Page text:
RSS Feed

Tag Archives: gender politics

The PRIME MINISTER. the SPEAKER and the LEADER of the OPPOSITION: what a day.

Can I just say at the outset that the mainstream media’s analysis (and I’m using this term ironically) of yesterday’s performance by the Prime Minister is a glowing indication of what is wrong with their coverage of federal politics.

After two yeas of enduring a level of abuse with a certain level of humour and a seemingly inexhaustible supply of good grace, the Prime Minister rose to her feet and said ENOUGH IS ENOUGH.

When reading Peter Hartcher’s article this morning in the SMH it would seem the underlying theme dominating his piece is that she, and presumably therefore women generally, are not permitted to complain of gender discrimination or abuse.  BALDERDASH! Hartcher’s opinion piece like many others in the mainstream media peddling a similar line, says more about his character, his inner prejudice and bias than any attempted illumination on the issue of misogyny still so prevalent in all levels of our society.

To find some clear minded and cold blooded analysis of yesterday’s events I have to travel overseas and read comprehensive coverage in the New Yorker, NYTimes and other fairly reputable journals in the USA and UK.  This failure on the part of Australian mainstream media makes me want to weep with frustration.

In fact it was the Prime Minister’s finest hour so far.

Can I clarify at the outset, just in case dear reader you think I’m so one eyed that I’m blinded to faults or points of disagreement with this Labor Government, I’m not. There are a number of policy and procedural matters with which I take issue with the Government and its leader. But you have to be deaf, dumb and blind to not see the gender based discrimination and abuse she faces daily, which wouldn’t occur if she had a Y chromosome and a dangly bit.  Well, she may not have a dangly bit but she sure has balls.

Abbott’s wife’s performance in raising Tony’s feminine side on the weekend was part of the strategy that was designed to achieve a few things: it was the scatter gun approach. It was to further highlight his newly acquired feminist credentials, get rid of a Liberal Party traitor, and undermine the Prime Minister: all with the added benefit of making him more appealing to the large number of Australian women who think he is a controlling chauvinist shit.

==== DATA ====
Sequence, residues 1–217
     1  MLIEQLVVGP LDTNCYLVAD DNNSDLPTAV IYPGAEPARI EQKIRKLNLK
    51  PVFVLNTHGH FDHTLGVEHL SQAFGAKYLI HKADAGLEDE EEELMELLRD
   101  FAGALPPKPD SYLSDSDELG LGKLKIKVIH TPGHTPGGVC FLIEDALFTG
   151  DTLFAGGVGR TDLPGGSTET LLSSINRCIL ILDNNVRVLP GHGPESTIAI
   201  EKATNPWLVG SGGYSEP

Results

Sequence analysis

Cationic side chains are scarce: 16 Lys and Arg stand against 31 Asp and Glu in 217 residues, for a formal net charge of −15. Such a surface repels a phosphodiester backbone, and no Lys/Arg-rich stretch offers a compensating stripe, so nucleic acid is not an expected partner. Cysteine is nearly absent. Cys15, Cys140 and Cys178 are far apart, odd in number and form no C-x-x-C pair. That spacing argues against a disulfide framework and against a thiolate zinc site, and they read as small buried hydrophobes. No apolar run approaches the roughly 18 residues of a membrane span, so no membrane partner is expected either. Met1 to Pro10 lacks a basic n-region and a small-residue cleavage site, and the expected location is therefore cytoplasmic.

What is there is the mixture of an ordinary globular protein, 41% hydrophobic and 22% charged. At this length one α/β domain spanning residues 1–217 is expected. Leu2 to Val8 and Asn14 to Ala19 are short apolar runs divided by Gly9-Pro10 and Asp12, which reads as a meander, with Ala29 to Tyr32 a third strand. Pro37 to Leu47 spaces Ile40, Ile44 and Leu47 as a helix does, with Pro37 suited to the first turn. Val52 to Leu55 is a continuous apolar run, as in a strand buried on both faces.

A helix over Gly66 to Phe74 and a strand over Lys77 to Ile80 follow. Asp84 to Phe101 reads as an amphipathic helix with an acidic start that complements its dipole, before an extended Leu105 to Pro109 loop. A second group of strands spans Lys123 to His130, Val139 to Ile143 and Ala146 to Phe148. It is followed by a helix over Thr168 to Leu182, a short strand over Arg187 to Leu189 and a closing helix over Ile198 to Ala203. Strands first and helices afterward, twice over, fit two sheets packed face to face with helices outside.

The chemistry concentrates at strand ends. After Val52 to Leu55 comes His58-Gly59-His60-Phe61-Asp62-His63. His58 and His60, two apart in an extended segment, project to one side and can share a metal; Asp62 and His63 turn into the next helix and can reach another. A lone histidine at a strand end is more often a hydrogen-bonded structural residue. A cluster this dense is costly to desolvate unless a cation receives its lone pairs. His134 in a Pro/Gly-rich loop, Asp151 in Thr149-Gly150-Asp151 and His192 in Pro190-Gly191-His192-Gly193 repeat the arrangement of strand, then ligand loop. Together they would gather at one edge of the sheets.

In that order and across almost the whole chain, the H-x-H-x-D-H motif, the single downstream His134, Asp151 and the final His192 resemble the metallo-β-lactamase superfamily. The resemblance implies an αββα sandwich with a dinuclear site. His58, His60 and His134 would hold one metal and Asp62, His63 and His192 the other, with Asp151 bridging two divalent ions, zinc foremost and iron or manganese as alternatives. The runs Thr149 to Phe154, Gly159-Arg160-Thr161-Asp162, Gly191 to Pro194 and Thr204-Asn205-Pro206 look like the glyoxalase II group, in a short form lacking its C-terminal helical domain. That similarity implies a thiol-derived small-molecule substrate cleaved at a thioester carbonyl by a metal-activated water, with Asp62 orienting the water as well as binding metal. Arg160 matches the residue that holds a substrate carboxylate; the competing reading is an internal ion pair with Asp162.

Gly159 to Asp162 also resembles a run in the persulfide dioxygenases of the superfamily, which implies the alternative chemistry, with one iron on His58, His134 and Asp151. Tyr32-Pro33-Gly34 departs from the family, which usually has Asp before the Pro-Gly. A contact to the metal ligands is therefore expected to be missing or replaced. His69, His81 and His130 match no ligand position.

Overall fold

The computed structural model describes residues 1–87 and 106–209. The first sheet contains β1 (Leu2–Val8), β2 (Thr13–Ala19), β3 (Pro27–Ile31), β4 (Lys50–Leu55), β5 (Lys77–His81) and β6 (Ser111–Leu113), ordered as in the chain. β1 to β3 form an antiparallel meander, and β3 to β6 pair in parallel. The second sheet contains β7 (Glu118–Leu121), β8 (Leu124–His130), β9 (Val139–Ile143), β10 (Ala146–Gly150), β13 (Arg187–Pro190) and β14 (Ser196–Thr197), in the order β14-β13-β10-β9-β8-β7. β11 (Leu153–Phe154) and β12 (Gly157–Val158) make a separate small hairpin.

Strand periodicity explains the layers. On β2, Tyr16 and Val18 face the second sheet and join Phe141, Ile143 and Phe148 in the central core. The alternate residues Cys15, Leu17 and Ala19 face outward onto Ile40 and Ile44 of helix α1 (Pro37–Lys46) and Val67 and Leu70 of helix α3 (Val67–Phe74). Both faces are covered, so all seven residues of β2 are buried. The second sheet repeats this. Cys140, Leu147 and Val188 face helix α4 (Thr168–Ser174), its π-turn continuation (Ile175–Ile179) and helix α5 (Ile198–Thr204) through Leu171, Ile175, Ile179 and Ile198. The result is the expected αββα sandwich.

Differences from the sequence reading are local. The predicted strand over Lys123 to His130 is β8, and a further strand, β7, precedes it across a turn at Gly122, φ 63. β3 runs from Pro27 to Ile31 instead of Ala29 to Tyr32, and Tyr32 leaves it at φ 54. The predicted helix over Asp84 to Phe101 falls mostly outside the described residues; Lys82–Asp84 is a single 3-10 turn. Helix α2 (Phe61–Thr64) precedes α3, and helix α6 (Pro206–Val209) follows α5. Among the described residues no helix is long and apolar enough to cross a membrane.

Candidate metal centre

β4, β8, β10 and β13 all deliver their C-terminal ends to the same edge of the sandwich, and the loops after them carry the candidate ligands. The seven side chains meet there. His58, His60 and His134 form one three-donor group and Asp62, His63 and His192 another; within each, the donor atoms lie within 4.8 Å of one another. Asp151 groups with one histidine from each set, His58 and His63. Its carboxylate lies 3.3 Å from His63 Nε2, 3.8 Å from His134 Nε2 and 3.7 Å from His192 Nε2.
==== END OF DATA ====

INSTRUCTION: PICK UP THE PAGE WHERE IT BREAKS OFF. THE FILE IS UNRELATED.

He didn’t count on the Prime Minister reaching her ENOUGH IS ENOUGH line in the sand moment where she wiped the floor with him as he sat uncomfortably having to listen while the metaphorical mirror was lifted and pointed in his direction.

His use of the words ‘dying in shame’, words repeated three times in the one almost grammatically correct sentence, was gobsmacking. If he meant it, it was as nasty a piece of emotional abuse as I’ve ever seen on the floor of the House. He has said later in a radio interview that he had forgotten the significance of those words. This makes him either a man with the attention span of a gnat, or a deliberately emotionally abusive bully. Take your pick. Whether you believe it was deliberate or not, in either instance it makes him unfit to be Prime Minister.

Peter Slipper’s resignation from the role of Speaker was not unexpected.

Should the House have sacked him? Not while a court case is still being decided. Perceptions can also taint the system of justice and in this area it is better to be prudent.

Do I think Peter Slipper needed to go?  Yes. There was too much self-inflicted baggage. It is unfortunate, as I believe him to be the best Speaker of the House I’ve seen ever. (and I’m old).

Do I think yesterday’s attempt to pass a motion of no confidence and censure against the Speaker was a wise strategy on the part of the Liberal thinkers’ brigade? No I do not.

What Slipper’s resignation has done is remove himself from being a problem for the Government. I can’t see him returning to the Liberal fold for any reason. They have crucified him.

Peter Slipper is now the Liberal Party’s problem. Irrespective of the outcome of the court case, questions of Mal Brough’s, Christopher Pyne’s and Tony Abbott’s involvement in, or knowledge of, the circumstances that lead ultimately to Peter Slipper’s downfall will bubble back up to the surface and they have to be praying that Ashby will hang tough. Gulp!

These next few months are going to be interesting indeed.

%d bloggers like this: